As With Jack has been live for 6+ months, this is a question I’ve been exploring.
Whenever people ask, “How’s Jack going?”, I’m never sure what to respond with. Do I tell them how many customers I have? Focus on the conversion rate? Or do I be upfront and say “It’s going well, but it’s not yet supporting me full-time”?
Depending on who’s asking I’ll say a mixture of those things. “It’s going well. We have 73 customers and are growing every week, but it’s hit a plateau. We have a conversion rate of 25%, but it’s volume we’re lacking.”
To some this sounds like a promising start. To others, they seem sympathetic to my startup woes. This is because validation looks different to everyone.
To me, With Jack has been validated.
Here’s how I personally measure validation:
- Creatively satisfied. I crawl into bed at the end of the day feeling challenged and creatively satisfied. Insurance isn't known for being a creative industry, but I bring those elements into my job. Making visuals, writing content, coding etc.
- No Sunday dread. I'm not on Facebook anymore, but I'd log in on Sunday evenings to be met with a wall full of 'Sunday dread'. These are the people who aren't looking forward to work on Monday. There are 52 (or 53) Sundays in the year—that's a lot of dread!
- Comparing it to my previous attempt. With Insurance by Jack, I won 55 customers in 2 years. Compare this to 73 customers in 6 months and With Jack is looking encouraging. It supports what I was saying all along. A better customer journey will delight visitors and improve the conversion rate.
- Customer feedback. Emails, tweets. Every time someone vouches for With Jack, I feel a sense of validation. With Jack's goal is to make business insurance accessible to freelancers and those working in the digital sector. Statements like this affirm I'm closer to fulfilling that goal.
- Making money. With Jack has been making money from day one, although it still isn't enough to support me. Every week we're putting new customers on cover and inching towards a sustainable business.
But maybe I wouldn’t think With Jack has been validated if I had 3 kids to feed.
Maybe I wouldn’t think With Jack has been validated if I’d left a job with a £60K salary.
I’m fortunate that I’m building With Jack with a financial cushion from other projects. This is why it’s impossible to have a blanket response to, “What does validation look like?”. Everybody’s circumstances / goals are different, therefore validation looks different to everyone.
Playing The Long Game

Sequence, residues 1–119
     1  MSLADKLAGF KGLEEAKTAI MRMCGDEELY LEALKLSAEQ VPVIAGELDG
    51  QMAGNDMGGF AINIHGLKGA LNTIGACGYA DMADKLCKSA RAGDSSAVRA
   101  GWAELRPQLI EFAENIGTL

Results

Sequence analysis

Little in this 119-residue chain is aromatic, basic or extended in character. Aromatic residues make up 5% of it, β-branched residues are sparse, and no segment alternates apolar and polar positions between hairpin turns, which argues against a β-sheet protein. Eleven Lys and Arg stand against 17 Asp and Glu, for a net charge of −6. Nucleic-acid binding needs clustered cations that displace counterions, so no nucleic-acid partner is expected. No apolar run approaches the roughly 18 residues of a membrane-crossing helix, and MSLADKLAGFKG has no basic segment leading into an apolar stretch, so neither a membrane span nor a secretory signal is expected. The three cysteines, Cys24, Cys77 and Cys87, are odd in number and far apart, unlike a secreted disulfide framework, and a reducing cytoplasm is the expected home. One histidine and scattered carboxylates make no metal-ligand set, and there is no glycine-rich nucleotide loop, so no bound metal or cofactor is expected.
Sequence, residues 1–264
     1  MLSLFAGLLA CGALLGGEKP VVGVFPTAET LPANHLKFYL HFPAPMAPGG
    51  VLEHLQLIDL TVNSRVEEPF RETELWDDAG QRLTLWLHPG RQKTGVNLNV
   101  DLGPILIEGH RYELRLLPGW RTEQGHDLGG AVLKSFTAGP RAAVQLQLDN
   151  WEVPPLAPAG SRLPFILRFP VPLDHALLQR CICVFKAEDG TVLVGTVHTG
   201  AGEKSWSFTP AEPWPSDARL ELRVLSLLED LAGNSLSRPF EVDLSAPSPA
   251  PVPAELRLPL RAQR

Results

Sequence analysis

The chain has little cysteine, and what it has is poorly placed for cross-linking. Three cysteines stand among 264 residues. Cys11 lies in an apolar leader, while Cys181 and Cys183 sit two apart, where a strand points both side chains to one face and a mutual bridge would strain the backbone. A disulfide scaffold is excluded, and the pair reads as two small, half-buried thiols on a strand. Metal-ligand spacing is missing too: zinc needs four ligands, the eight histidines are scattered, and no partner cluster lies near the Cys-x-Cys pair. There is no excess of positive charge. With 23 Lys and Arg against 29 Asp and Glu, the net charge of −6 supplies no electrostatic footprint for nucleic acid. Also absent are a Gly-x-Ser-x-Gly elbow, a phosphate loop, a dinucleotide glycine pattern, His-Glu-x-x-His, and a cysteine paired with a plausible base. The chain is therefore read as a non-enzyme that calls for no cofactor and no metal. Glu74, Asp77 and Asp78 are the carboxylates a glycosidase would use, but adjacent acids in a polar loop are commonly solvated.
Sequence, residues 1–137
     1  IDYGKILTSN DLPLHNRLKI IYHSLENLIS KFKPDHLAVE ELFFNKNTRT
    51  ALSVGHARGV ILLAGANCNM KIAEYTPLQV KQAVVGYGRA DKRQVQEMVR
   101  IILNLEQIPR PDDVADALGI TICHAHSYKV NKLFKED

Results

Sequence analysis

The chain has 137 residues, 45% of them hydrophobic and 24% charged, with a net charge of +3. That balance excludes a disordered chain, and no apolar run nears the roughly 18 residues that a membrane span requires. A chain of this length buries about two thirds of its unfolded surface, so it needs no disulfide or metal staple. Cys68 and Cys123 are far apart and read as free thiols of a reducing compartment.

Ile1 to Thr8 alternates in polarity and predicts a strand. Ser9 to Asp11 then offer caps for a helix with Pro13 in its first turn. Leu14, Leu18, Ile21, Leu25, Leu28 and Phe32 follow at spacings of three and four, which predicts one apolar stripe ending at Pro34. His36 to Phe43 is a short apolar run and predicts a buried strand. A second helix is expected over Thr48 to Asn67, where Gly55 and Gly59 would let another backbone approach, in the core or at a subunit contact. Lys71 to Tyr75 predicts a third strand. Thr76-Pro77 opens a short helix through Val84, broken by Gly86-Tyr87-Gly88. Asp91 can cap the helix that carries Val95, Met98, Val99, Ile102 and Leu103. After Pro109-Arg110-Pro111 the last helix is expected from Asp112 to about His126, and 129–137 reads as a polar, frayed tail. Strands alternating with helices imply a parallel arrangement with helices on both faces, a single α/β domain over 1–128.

Another factor I consider is time. It took my dad 2 years to start earning a decent income with his insurance business. (In case you haven’t noticed, my dad is a big inspiration to me. That’s who I named my business after.)
Year 2 is magical for brokers. On top of the new business they’re bringing in, they’re enjoying renewals from year 1. That book of customers begins to build.
Despite an insight into how my dad built his business, my mind wrestles with the articles I read on marketing and business in the startup world. You know the type. The ones with the clickbait titles?
“How My Website Made £17,000 With This One Simple Tweak”
“Idea To £25,000 In One Weekend”
“How We Got 100,000 Users In 24 Hours”
While they’re fun to read and (maybe) spark ideas to apply to your own business, they’re unrealistic. They make business sound easy. That it’s an overnight success. My worry is people read these articles thinking that’s how business should look.
Nobody writes about, “How It Took Me 500 Days Of Showing Up And Making Lots Of Mistakes To Earn Enough Money To Pay My Bills”. That’s partly why I blog about where I’m going wrong, because that part is just as important as when I get it right.
In 2015 I changed a lot about the way I do business. I used to follow my creative itch, starting a new project whenever inspiration hit. I’d then move onto the next thing when I got bored or lost steam.
That’s not me anymore. I’ve learned to focus. I give one project my attention, I experiment with it and I’m patient. I don’t expect overnight results.
To answer the question, “What does validation look like?”. You can decide based on your circumstances and goals. Ignore the clickbait headlines, how others measure their success and focus on what validation looks like to you.